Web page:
Record Prices, Inputs Ahead For Feedlot, Cow-Calf Sectors

While cattle feeders will see some of the highest prices ever for fed cattle, record input costs will keep margins tight or nonexistent.

Burt Rutherford, Senior Editor

November 14, 2012

4 Min Read
Record Prices, Inputs Ahead For Feedlot, Cow-Calf Sectors

The fed cattle market, says Randy Blach, has a paddle big enough to spank everyone’s behind. Get a little cocky, lose your focus for just a minute, zig when you should have zagged, and it will make your high school gym teacher seem like he was giving love taps.

“I think we’re going to end up with a fed cattle market that will average in the high $120s for 2013,” says Blach, CEO of CattleFax in Denver. “But we’re going to see a $300/head range around these averages.”

However, because of tighter numbers of cattle on feed relative to feedyards further north, Southern Plains feeders will maintain a price premium in 2013, he says, which is a flip from the situation in the past several years. But it won’t be enough to offset the volatility and price of feed.

More than half the time this year, Blach says the weekly change in corn prices was equivalent to $20/head. “How much money have we made feeding cattle in the last decade on the average? Not $20/head. It’s not just corn or protein prices, roughage prices. All these components and the volatility surrounding them, if you’re not managing this risk, you need to get with it. It’s going to be very difficult to stay in this business and compete if you don’t.”

A Closer Look: Cattle Feeding Returns Improve But Still Challenging

It’s likely, however, that cattle feeders have already figured that out because 2013 appears to be shaping up as a repeat of 2012. “We had record-high prices this year and we haven’t made any money,” Blach says. “That’s going to be a tough situation for us over the course of the next 12-18 months as we go through this situation with declining numbers.”

However, the outlook for feeder cattle is brighter. Feeder cattle prices were at a record-wide spread with fed cattle again this year, even with record-high costs of gain, he says. “Why has that happened? Excess capacity chasing a declining supply of cattle.”

And next year, even with high prices for corn, feeder cattle prices will move higher and they will be at record levels before it’s all said and done. “Assuming we have corn prices back in check by the third quarter, it’s likely we’ll see feeder cattle prices at record-high levels as well,” he says.

“For those of you in the cow-calf business, this year’s situation with the drought has obviously hampered things to some degree,” Blach says. “But assuming we see moisture, I think we can plan on 500- to 550-lb. calf prices over the course of the next 3-4 years averaging around $175 for steer calves. That’s a pretty good price level, but when you go back and look at the underlying supply, look at feed costs being back in line, obviously that will stimulate some expansion interest from cow-calf producers around the country.”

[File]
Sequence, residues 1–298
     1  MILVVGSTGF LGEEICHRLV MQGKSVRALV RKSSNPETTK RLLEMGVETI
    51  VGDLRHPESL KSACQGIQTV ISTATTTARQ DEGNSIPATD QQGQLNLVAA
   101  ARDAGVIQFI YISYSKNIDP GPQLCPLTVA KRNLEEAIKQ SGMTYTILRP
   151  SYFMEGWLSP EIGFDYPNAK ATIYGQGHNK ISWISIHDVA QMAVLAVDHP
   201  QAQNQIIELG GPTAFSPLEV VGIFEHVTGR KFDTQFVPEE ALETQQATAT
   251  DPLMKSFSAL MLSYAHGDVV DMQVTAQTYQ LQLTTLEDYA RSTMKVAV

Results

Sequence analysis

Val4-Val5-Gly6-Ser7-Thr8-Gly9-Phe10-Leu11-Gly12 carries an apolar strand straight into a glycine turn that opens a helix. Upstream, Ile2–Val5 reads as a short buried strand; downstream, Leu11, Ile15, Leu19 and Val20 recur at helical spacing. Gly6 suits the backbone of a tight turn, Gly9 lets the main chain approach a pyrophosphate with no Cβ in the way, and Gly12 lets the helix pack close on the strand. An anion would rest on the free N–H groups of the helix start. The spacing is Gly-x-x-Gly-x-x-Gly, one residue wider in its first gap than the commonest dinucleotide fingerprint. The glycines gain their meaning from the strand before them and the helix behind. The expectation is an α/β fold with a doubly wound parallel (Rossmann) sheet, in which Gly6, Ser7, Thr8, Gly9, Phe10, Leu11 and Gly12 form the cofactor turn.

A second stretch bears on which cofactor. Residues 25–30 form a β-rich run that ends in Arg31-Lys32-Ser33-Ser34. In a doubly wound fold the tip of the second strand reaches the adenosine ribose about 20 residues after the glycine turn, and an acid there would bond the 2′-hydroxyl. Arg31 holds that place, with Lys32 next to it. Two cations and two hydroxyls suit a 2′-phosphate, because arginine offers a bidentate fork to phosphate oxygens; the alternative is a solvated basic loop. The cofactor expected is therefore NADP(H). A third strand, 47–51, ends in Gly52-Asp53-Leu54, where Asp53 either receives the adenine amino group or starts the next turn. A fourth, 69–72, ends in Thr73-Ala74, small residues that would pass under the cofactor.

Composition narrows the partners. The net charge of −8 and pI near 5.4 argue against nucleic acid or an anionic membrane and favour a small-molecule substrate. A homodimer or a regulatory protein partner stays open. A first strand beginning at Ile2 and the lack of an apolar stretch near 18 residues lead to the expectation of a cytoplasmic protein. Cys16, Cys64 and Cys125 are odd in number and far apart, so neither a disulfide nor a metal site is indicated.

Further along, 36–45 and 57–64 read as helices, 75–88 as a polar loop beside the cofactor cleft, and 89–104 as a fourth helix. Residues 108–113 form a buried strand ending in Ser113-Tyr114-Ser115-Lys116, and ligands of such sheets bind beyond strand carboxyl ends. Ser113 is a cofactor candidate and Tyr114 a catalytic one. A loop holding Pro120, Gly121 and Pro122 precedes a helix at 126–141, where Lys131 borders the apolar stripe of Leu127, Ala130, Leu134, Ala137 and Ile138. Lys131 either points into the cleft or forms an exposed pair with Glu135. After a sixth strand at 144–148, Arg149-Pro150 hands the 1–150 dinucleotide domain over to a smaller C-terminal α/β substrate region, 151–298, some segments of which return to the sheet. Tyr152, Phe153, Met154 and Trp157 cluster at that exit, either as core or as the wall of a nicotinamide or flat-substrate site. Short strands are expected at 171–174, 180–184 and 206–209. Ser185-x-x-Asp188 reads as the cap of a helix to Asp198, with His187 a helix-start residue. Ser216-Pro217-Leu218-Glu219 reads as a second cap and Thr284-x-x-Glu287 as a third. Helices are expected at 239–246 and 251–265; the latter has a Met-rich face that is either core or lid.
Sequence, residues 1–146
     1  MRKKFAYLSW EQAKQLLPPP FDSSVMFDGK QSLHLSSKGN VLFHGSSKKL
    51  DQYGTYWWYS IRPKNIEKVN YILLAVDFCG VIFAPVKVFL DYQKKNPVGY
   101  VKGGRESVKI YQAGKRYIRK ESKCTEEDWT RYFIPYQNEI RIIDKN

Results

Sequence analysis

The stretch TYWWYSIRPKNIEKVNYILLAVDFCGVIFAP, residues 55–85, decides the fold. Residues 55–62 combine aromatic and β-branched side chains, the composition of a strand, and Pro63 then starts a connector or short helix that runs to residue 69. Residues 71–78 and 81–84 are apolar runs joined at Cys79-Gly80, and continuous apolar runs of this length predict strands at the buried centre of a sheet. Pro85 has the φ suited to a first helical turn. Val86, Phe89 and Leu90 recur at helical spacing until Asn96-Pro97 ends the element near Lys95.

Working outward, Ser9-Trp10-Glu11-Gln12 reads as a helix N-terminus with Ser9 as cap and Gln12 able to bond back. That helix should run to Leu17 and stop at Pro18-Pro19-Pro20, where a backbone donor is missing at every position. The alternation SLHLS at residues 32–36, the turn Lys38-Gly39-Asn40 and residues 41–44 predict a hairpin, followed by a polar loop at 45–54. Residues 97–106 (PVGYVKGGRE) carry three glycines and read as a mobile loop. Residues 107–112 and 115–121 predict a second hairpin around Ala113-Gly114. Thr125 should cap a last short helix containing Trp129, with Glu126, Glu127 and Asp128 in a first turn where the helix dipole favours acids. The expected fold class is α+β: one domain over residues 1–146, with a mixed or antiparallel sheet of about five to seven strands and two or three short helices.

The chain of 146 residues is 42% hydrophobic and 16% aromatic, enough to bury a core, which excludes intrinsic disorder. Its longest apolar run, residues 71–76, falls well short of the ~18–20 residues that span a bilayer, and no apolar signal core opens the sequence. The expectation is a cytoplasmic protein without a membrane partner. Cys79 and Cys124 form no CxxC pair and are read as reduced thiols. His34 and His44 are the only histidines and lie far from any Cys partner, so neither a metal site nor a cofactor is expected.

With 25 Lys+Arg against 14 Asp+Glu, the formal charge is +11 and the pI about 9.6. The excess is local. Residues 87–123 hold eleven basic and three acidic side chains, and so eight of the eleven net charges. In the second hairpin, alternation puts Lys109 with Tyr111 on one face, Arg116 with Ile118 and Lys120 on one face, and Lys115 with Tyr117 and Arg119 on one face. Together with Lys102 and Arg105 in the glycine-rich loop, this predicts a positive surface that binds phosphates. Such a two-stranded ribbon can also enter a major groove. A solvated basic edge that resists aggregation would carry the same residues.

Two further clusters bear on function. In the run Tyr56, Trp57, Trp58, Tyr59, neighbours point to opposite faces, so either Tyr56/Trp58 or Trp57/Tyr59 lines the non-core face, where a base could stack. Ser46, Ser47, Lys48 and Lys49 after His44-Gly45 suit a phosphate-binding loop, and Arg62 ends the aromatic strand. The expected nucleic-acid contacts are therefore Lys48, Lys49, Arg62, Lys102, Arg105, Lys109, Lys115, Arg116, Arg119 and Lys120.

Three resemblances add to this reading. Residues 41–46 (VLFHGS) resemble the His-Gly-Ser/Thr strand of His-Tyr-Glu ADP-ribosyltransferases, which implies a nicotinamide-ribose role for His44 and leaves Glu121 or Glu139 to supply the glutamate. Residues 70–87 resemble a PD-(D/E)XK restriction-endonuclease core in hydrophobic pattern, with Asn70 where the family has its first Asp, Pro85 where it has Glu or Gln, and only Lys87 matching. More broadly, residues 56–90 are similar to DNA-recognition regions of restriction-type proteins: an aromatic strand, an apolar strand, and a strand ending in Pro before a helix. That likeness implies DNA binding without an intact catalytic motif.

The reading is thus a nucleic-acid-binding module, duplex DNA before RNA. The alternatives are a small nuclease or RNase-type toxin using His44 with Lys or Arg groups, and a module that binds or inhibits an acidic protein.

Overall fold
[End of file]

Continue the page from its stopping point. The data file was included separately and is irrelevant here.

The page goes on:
Industry At A Glance: Cull Market Continues To Surge

In fact, Blach says cow-calf producers appear to be doing everything they can to keep cattle around them in preparation for just such a time.

Blach says the industry needs to see beef heifer and cow slaughter decline 1.2 million head to stop liquidation. “We’re not too far from a million head this year, in spite of the magnitude of the drought. I don’t think most people are catching that. We’ve done a pretty good job, as bad as this drought situation is, in keeping our females together, better than what one may have expected.”

CattleFax thinks the cowherd will continue to shrink into 2014 and 2015. “But I would say basically by Jan. 1, 2015, we’re going to start to see the herd stabilize and grow, assuming it rains. Obviously that’s a big assumption but we believe we’re still on track to see a change from the La Niña back to the El Niño and we should see better moisture flow as a result of that.”

About the Author(s)

Burt Rutherford

Senior Editor, BEEF Magazine

Burt Rutherford is director of content and senior editor of BEEF. He has nearly 40 years’ experience communicating about the beef industry. A Colorado native and graduate of Colorado State University with a degree in agricultural journalism, he now works from his home base in Colorado. He worked as communications director for the North American Limousin Foundation and editor of the Western Livestock Journal before spending 21 years as communications director for the Texas Cattle Feeders Association. He works to keep BEEF readers informed of trends and production practices to bolster the bottom line.

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